Emmanuel's grant project taught 40 participants agricultural and entrepreneurial skills.
By Elisabeth Vigna Dibega (YES 2019-2020, Cameroon, placed by World Link in Belleville, IL)
Amy Poehler once said: "Find a group of people who challenge and inspire you, spend a lot of time with them, and it will change your life." For me, that group of people is the YES alumni.
During my exchange year in the U.S., I understood that everything we do for someone has an impact in his/her life. My inspiration to do service projects comes from the work I saw YES alumni and YES Abroad alumni do back in their communities during my exchange year. I also wanted to be part of that work, to impact and to empower others.
Although for some, the work alumni do seems small, I know deep inside that each project that is implemented impacts at least one person. What we say during cultural presentations inspires people to travel and visit our home countries, and through community service, we put smiles on peoples’ faces. That expression of gratitude is priceless.
Since my return to Cameroon, I became a trainer at the pre-departure orientation of the YES 2021-2022 and the YES 2022-2023 cohorts. I also participated in the Project Management in Practice workshop in 2021, which allowed me to be an alumni leader for the Project Management in Practice workshop in 2022. I have worked on six different projects with the other alumni, but the Girls Coding Camp was the first project that I led.
The Girls Coding Camp was a three-day introductory training on web design for 15 girls from local high schools. The camp took place in December at ICT University in Yaounde, and the agenda included diverse presentations on ICT fields, careers, and opportunities. The main focus of the camp, however, was facilitating hands-on labs with the participants, who had the opportunity to learn how to code in HTML and CSS.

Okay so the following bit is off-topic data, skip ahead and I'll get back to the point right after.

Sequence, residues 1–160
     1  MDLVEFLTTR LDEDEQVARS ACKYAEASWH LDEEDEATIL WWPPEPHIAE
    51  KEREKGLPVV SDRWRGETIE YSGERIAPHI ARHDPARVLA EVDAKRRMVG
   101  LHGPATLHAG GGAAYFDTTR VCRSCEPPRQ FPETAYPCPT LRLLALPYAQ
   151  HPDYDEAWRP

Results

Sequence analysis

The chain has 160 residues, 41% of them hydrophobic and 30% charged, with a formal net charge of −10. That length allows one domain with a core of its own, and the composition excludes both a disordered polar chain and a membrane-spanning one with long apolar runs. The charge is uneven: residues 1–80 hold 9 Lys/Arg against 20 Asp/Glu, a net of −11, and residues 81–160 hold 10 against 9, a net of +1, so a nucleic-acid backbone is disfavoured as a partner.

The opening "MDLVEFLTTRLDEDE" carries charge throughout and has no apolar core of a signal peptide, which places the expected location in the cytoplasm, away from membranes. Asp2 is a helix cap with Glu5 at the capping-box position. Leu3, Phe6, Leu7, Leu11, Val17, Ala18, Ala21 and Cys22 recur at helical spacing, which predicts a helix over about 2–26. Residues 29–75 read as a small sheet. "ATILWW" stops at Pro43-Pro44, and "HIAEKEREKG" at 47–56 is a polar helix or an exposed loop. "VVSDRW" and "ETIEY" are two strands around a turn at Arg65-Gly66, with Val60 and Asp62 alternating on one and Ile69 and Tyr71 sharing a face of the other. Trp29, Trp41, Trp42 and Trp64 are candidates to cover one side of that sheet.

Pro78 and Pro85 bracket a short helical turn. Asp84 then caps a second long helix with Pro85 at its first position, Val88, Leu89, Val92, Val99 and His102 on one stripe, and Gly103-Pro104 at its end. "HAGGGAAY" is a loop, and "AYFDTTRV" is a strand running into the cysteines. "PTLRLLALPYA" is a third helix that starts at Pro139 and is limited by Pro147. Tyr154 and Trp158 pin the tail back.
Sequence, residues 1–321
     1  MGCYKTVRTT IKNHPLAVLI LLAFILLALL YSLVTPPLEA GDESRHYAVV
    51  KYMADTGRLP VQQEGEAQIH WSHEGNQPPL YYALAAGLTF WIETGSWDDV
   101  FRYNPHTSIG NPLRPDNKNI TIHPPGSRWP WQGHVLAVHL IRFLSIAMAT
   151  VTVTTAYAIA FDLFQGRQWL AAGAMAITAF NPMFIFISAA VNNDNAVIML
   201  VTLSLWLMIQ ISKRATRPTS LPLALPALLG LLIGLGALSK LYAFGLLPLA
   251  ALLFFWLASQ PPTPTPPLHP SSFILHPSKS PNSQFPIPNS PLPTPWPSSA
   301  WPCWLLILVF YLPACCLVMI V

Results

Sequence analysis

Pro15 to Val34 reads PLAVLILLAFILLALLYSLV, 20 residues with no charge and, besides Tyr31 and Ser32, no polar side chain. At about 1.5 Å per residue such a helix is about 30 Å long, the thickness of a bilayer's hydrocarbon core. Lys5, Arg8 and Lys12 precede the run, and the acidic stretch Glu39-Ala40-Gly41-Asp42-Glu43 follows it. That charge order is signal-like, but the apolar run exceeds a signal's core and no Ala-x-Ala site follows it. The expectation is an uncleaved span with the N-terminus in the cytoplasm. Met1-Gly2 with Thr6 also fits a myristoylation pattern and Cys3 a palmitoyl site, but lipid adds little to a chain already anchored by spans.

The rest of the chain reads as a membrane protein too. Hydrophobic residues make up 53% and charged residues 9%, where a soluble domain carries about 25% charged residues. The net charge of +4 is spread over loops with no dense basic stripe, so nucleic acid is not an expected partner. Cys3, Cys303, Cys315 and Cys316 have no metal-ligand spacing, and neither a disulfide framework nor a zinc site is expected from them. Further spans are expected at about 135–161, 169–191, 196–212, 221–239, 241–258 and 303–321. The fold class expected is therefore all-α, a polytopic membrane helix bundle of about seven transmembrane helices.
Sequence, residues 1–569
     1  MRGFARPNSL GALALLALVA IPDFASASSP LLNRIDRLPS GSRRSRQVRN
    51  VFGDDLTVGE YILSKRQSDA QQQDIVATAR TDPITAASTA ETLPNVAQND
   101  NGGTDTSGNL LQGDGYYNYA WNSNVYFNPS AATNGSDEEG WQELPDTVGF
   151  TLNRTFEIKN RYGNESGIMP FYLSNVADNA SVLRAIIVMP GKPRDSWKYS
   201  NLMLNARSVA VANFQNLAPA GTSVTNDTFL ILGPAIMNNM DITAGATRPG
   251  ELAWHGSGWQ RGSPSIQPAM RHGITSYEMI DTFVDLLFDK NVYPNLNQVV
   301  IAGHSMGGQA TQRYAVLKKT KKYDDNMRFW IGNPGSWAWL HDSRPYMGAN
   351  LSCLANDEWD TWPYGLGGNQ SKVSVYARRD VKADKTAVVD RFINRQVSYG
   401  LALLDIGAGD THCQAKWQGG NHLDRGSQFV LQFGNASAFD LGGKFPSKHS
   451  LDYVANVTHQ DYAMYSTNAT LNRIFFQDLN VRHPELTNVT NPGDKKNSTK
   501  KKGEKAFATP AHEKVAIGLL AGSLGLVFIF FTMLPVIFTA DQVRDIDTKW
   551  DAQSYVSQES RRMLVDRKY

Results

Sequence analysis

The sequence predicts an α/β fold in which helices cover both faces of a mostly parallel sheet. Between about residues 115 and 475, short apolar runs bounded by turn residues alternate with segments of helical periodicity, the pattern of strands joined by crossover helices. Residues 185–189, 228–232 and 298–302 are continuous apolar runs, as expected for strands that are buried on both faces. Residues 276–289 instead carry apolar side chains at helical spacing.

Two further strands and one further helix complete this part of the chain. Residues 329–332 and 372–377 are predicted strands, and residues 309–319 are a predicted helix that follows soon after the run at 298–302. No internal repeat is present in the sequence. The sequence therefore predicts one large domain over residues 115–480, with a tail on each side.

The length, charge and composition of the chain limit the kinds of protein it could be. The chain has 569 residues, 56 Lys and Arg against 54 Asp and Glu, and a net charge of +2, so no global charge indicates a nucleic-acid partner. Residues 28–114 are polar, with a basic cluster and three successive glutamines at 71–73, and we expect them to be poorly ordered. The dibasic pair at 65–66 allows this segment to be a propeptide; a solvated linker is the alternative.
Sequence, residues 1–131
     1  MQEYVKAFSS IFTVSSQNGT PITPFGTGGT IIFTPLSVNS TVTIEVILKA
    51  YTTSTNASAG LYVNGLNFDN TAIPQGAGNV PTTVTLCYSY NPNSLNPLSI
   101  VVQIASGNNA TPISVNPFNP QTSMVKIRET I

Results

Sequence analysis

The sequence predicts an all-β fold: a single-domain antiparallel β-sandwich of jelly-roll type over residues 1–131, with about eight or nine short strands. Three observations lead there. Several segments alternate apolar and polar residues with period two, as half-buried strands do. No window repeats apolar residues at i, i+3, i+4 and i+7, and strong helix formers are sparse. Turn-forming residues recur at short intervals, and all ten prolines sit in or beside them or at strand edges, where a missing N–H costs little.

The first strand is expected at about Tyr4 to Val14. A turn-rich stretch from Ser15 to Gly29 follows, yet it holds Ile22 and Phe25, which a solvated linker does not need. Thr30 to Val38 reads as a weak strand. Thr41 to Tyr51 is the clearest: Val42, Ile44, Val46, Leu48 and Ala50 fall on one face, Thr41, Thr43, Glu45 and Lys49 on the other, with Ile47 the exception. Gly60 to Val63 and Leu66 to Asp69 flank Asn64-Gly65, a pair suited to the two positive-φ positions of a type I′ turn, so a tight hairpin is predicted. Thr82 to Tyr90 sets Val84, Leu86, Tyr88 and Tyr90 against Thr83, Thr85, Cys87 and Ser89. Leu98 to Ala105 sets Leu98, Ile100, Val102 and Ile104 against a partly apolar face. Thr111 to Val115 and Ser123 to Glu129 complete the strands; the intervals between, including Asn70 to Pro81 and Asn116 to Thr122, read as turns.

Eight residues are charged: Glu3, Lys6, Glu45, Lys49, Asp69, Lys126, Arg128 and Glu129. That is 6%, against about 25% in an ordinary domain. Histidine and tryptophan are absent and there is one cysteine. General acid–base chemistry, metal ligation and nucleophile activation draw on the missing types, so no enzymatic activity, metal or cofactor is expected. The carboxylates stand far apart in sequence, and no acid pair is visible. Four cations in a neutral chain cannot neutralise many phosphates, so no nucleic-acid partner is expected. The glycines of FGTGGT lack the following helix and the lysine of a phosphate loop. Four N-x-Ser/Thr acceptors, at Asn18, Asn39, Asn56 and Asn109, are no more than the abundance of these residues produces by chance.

Through this project, our aim was to promote women's empowerment, increase women's representation in ICT fields, and break stereotypes over gender capacity in engineering fields. We partnered with Girl Up, which provided financial support; ICT University, which provided a venue in Yaounde; Genzis, which provided a trainer; and D’Yvix IT Solutions, which also provided a trainer. At the end of the training, four outstanding participants received two-month internships at Genzis and D’Yvix IT Solutions, where they will receive more in-depth training.
I believe the project was a success through the efforts of my YES alumni team members, who were very supportive and proved valuable teamwork. YES alumni helped in the project planning phase, and two were present during the training to ensure the project ran smoothly, and one of our partners, Genzis, is a tech company owned by a YES alumnus. I also received calls from other YES alumni during the project’s implementation, which resulted in close collaboration even as some of the partners and project members contributed remotely. We had a very engaged and excited audience, with great reviews both from the participants and the trainers.
My engagement as a member of the Cameroon YES Alumni Association projects follow-up committee, as well as a leader of the Alumni Association board of the center region of Cameroon, are part of my continuous work toward the betterment of our communities. I am thankful for my time as a YES student, and more and more I understand the incredible impact it had on my life and my future. Thank you to the YES program for making me the change maker I wanted to be, to iEARN-USA, World Link, and to the dynamic alumni who believed in my project and helped me to ensure it was a success.